Universities: Missouri University of Science and Technology (Missouri S&T)
Georgia Institute of Technology
Principal Investigator: Dr. Genda Chen, Missouri S&T
PI Contact Information: Phone: (573) 341-4462 | Email: firstname.lastname@example.org
Co-Principal Investigators: Dr. Yang Wang, Georgia Institute of Technology
Funding Sources and Amounts Provided:
Missouri S&T: $69,909.15
INSPIRE UTC: $203,963.00
Total Project Cost: $273,872.15
Match Agencies ID or Contract Number: Missouri S&T: Cash and In-kind | INSPIRE UTC: 00059239
INSPIRE Grant Award Number: 69A3551747126
Start Date: March 1, 2017
End Date: December 31, 2020
Brief Description of Research Project:
Corrosion is the main reason for costly maintenance of aging transportation infrastructure in the U.S. Since 2008, the PI’s group has developed long period fiber grating (LPFG) sensors for point strain and steel mass loss measurements. When attached on a steel bar, a LPFG sensor doped with nano iron/silica particles and polyurethane can monitor the corrosion process of steel. However, the coating of particles with polyurethane was not robust. In addition, chloride concentration is important for the prediction of early corrosion in practice. Compared to grating sensors, Brillouin scattering based sensors are likely less accurate but offer a cost-effective solution to the monitoring of large-scale civil infrastructure. Therefore, integrating LPFG sensors into a distributed sensing system for multiple parameter measurements is important in bridge applications. Unlike fiber Bragg grating (FBG) sensors that have been recently applied to civil infrastructure, LPFG sensors and distributed sensing systems are mainly tested in laboratory. Their packaging is critical in field applications.
Approach and Methodology: A LPFG sensor is an in-line fiber device with its core refractive index changing periodically in the range of 0.1 mm to 1 mm for strain and corrosion monitoring, respectively. The gratings couple light energy between the core/guided mode and the cladding/lossy modes. This coupling condition is sensitive to the strain applied to the fiber, temperature and refractive index of surrounding medium (e.g. corrosion effect). Changes in these parameters can result in significant shifting of an attenuation band and resonant wavelength. Changes in strain and temperature also vary the density of the fiber and thus stimulate Brillouin scattering in pulse pre-pump Brillouin optical time domain analysis (PPP-BOTDA). With both LPFG and PPP-BOTDA measurements, strain and temperature at the location of gratings could be discriminated simultaneously.
Overall Objectives: This project aims to: (1) Develop a physically and optically protected LPFG strain sensor that is hermetically packaged in a fused silica capillary tube, (2) Develop a Fe-C coated LPFG sensor for life-cycle corrosion monitoring (chloride ion and mass loss) of nearby steel members, (3) Understand how many LPFG sensors of different types and wavelengths can be multiplexed to measure multiple parameters for the monitoring of large-scale bridges, and (4) Understand potential interference between the LPFG sensor interrogation and the PPP-BOTDA measurement.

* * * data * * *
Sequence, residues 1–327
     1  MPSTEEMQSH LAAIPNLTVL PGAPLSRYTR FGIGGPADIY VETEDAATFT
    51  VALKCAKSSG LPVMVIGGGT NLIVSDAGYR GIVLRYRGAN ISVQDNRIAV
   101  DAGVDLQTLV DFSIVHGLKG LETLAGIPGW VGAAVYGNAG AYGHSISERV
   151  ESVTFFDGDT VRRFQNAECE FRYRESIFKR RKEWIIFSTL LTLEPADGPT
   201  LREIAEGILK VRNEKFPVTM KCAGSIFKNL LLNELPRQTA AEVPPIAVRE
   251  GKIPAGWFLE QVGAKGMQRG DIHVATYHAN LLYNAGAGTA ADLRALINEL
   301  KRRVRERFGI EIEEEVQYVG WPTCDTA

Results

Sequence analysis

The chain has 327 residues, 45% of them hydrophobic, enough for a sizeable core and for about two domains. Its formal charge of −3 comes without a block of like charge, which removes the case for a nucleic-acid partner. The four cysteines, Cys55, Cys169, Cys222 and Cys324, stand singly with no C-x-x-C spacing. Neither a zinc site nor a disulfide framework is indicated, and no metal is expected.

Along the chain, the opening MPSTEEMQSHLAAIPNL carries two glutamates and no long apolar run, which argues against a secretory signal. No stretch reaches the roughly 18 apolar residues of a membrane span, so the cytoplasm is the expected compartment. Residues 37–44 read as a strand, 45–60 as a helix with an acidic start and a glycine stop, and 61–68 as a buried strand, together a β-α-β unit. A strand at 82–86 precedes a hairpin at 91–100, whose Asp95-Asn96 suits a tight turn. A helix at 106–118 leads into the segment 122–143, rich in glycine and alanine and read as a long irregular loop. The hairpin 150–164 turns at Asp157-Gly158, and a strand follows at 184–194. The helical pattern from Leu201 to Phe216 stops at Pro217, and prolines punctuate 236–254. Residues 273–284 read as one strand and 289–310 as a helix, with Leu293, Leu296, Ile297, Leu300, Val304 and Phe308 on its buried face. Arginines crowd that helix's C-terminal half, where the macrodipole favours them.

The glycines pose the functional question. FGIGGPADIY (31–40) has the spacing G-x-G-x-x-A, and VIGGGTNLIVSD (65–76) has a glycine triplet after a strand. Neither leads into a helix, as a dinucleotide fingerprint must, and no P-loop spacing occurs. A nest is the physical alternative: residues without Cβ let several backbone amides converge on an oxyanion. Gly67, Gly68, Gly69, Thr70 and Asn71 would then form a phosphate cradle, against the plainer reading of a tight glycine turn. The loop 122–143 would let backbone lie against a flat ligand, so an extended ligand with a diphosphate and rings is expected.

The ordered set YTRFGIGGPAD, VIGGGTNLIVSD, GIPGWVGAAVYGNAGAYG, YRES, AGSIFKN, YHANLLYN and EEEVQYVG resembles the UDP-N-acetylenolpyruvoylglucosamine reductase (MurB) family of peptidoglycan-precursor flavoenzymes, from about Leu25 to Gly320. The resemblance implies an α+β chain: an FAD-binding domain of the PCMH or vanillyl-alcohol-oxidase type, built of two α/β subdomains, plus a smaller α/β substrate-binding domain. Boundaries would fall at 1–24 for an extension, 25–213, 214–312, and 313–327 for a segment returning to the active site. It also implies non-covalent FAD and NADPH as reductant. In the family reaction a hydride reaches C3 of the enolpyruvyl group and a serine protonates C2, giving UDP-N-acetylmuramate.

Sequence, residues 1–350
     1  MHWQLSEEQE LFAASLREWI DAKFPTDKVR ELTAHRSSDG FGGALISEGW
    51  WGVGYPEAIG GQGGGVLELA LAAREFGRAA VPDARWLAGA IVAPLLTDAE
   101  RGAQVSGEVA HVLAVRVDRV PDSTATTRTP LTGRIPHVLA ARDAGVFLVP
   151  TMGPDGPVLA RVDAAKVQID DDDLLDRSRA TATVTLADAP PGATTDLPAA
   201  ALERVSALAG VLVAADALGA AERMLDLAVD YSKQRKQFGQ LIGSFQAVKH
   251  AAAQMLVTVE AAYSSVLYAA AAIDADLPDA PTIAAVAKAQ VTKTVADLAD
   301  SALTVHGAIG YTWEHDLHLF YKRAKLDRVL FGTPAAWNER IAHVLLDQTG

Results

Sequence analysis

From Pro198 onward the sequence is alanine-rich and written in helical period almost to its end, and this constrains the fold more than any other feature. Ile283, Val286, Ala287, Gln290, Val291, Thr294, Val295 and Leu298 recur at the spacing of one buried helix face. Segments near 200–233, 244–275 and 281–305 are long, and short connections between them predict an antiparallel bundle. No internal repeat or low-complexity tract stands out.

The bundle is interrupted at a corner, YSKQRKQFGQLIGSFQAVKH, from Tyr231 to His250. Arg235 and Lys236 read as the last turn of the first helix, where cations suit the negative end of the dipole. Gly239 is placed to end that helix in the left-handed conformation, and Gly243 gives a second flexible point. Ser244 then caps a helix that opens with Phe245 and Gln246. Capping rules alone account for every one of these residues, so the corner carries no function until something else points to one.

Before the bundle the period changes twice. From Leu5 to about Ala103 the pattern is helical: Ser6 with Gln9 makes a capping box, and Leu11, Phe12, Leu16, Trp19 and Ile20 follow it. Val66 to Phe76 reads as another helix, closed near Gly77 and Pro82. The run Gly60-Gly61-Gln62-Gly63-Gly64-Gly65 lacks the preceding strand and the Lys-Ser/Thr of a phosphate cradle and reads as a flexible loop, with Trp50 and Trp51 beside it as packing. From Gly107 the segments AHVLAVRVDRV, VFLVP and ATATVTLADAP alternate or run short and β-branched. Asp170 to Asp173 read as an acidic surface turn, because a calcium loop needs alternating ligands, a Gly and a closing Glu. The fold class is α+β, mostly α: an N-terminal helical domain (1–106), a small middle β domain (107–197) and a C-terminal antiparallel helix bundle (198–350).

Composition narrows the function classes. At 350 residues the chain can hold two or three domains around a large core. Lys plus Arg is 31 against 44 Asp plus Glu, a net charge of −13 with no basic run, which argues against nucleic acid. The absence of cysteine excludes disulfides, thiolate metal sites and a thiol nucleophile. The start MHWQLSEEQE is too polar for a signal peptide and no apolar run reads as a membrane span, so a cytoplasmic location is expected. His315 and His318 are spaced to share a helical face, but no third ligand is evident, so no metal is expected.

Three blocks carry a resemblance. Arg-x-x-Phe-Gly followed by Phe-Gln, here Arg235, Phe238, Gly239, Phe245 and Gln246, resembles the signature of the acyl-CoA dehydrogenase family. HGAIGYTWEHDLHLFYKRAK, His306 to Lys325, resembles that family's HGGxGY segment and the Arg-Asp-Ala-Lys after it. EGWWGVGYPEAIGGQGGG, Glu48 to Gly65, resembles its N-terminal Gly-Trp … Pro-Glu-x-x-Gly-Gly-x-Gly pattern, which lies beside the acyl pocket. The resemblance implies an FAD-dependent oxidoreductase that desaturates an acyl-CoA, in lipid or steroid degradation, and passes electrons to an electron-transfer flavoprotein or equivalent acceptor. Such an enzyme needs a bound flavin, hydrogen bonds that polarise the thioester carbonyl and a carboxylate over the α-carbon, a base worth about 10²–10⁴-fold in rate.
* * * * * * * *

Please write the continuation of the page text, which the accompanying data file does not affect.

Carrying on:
Scope of Work in Year 1: (1) Characterize the sensitivity of wavelength change to the chloride concentration in corrosive environment and the mass loss of Fe-C coated LPFG sensors by simultaneously acquiring their transmission spectra and electrochemical impedance spectroscopy (EIS) diagrams, and (2) Establish a life-cycle deterioration model of reinforced concrete (RC) and steel members in 3.5wt.% NaCl solution using the proposed Fe-C coated LPFG sensors.
Scope of Work in Year 2: (1) Develop a multi-threshold corrosion sensor with several (6) Fe-C coated LPFG sensors integrated into a few (3) coaxial steel tubes for life-cycle corrosion monitoring, (2) Calibrate the wavelength change of a Fe-C coated LPFG sensor with corrosion rate at the threshold-level mass loss of each steel tube (controlled by wall thickness), and (3) Quantify and demonstrate the measurement specifications of the multi-threshold corrosion sensor through testing of RC beams.
Scope of Work in Year 3: (1) Determine the maximum number of LPFG sensors that can be multiplexed to effectively measure strain, temperature, and corrosion-induced mass loss, (2) Understand the potential coupling/interference effect between the measurements of grating (LPFG) and scattering (PPP-BOTDA) based sensors for a cost-effective measurement of multiple parameters in large-scale structures, and (3) Validate and document the performance of a multi-parameter, multi-threshold sensing system for RC members.
Describe Implementation of Research Outcomes:
Research outcomes and implementation plan will be described towards the end of this project.
Impacts/Benefits of Implementation:
Impact/Benefits of Implementation will be summarized at the end of this project.
Project Website: http://inspire-utc.mst.edu/researchprojects/sn-3/